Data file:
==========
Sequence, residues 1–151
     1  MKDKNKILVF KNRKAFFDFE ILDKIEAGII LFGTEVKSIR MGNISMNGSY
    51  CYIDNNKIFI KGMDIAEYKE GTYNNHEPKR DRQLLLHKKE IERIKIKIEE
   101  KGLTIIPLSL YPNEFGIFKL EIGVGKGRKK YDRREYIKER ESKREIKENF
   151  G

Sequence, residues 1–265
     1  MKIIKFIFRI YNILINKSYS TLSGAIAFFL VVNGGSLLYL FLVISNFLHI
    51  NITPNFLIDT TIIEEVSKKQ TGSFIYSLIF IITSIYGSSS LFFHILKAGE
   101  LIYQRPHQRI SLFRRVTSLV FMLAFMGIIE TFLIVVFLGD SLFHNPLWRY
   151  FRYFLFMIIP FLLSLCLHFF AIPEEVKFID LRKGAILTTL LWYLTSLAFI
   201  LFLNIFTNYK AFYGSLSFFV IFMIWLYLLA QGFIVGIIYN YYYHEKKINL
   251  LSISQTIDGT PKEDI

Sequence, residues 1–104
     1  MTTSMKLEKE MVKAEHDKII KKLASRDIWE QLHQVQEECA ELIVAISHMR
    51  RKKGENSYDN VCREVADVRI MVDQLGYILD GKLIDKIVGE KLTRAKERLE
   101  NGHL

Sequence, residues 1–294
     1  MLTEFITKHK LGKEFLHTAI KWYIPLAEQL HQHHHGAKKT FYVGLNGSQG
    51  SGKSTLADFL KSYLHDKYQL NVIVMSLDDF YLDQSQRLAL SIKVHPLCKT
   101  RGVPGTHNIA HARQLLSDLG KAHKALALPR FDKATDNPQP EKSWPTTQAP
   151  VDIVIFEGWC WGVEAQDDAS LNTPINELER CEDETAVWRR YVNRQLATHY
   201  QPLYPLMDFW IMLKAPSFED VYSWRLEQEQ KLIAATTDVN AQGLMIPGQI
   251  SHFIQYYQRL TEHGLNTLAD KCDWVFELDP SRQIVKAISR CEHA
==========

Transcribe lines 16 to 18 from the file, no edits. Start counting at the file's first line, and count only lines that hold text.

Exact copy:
   101  NGHL

Sequence, residues 1–294
     1  MLTEFITKHK LGKEFLHTAI KWYIPLAEQL HQHHHGAKKT FYVGLNGSQG